Having grown up reading the classic whodunits, I can never restrain myself from a good mystery. Ironically, this also means that until now I had never followed a series as it was being written. This accolade falls to the “Cormoron Strike” series, though not particularly for its literary prowess.
Had it just been Robert Galbraith, I imagine that I would have never picked up the series since time is the biggest constraint to choice. The media speculation following the revelation of the author is what got me to give this series, then only a book, a go. Even then, the choice of medium oddly fell to audio, as an accompaniment to my daily journeys. Since then, it has become my medium of choice for the series.
To digress even further, Robert Glenister does a stellar job of bring the narrative to life and in my humble opinion, makes the work much better than it is. Albeit a different medium, I can draw a parallel to the work of John Thaw who elevated the character of Morse to a much higher level in the TV series than envisaged by Colin Dexter in his books. Speaking of TV, the BBC series on the book isn’t as captivating as it could be because of the source material, but Tom Burke and Holliday Grainger certainly do a good job of salvaging what they can.
I appear quite cynical of the literary aspect of the series and can’t justify it otherwise. My perception is based on hearing the unabridged audio version of the book and I can only imagine a reader going through the emotions simply to get to the end. While the audio book can be a good accompaniment to long, boring journeys; the same cannot be said of a printed book being read on the couch. I imagine authors will always try to get away with as many words as the editor will permit, but it is not something a reader begrudges.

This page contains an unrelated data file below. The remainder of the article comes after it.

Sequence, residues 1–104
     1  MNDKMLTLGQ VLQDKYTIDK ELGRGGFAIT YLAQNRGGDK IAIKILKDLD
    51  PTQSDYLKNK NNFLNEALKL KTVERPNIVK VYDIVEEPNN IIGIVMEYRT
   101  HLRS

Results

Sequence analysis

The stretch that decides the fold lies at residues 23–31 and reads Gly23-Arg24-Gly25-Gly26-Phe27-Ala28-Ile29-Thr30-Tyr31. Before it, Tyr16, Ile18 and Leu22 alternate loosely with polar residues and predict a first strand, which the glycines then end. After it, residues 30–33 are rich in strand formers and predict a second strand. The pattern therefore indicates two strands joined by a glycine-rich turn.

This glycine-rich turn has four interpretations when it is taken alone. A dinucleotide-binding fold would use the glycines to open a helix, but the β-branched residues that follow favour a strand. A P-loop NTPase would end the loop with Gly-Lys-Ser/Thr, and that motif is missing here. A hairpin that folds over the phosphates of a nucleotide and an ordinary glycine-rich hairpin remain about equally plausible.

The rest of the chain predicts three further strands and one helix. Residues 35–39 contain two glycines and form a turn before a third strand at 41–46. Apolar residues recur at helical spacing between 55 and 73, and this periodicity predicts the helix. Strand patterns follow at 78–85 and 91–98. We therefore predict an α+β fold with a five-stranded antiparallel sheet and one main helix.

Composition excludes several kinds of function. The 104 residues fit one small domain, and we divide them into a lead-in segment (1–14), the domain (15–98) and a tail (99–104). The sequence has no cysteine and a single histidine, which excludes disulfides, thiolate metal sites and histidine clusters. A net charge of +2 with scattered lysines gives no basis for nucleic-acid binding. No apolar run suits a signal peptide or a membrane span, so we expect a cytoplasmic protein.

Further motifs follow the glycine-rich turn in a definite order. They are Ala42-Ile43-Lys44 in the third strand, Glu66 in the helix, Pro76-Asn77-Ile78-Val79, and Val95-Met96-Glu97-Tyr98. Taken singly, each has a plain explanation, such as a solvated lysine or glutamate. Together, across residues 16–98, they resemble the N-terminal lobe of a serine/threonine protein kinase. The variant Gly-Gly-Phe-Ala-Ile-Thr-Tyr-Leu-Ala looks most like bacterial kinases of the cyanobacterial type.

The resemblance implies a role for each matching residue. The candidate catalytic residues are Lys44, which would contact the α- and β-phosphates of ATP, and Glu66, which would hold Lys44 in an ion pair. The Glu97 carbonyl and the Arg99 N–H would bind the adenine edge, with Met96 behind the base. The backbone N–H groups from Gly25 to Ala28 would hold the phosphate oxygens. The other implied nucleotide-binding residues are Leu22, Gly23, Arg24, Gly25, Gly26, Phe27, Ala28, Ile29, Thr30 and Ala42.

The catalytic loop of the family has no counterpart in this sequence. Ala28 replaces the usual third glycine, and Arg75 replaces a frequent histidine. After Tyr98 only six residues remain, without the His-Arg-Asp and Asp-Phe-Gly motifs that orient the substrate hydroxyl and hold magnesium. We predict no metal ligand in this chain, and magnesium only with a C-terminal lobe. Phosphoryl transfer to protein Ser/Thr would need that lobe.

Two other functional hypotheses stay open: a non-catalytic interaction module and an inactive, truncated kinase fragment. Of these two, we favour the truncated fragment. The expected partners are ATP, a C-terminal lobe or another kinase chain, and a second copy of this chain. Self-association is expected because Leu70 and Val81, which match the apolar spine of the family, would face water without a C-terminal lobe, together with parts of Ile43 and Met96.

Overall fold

Length aside, it seems that the series has fallen in to a rut and the fourth book brings about a dreaded sense of “more of the same”. It plays safe and does nothing to further the age-old whodunit template, but what makes it worse is that it ashamedly follows the template established in the earlier books. So, what you get is the intermingling of the unusually chaotic personal lives of its protagonists with a slow churner of a case involving broken relationships, upper-class idiosyncrasies, long-drawn conversations, staying in friend’s houses, Land Rover rides and a made-for-TV, action-packed climax.
Somewhere in all the drama, there is a story, and this leaves me to reminisce of the days when whodunits were all about the mystery. An Agatha Christie classic would develop a character to lead and mislead the reader in pursuit of the case whereas over here it is more of a means to have a nine-book or nine-season series. A well-placed drama within the context of the story can still be ornamental but unfortunately that is not the case here. The need to artificially generate it towards the end falls extremely flat and one can be forgiven for mistaking it to be a screenplay. It might be a reflection of the times or simply economics, but a lot of readers would be worse for it.
To give credit where its due, Rowling manages to intricately carve a scene which gets the imagination running. I had never read any of the Harry Potter books, but I can imagine its effectiveness in a make-believe world, if it works so well with real-life locations. Having never been to London, I do regret being unable to generate a mental map of a place, but the descriptions substitute for it quite well. However, this alone does not redeem the book when the content fails to live up to expectations. As a result, I don’t feel it obligatory for a reader/listener to part with their hard-earned money in favour of this book.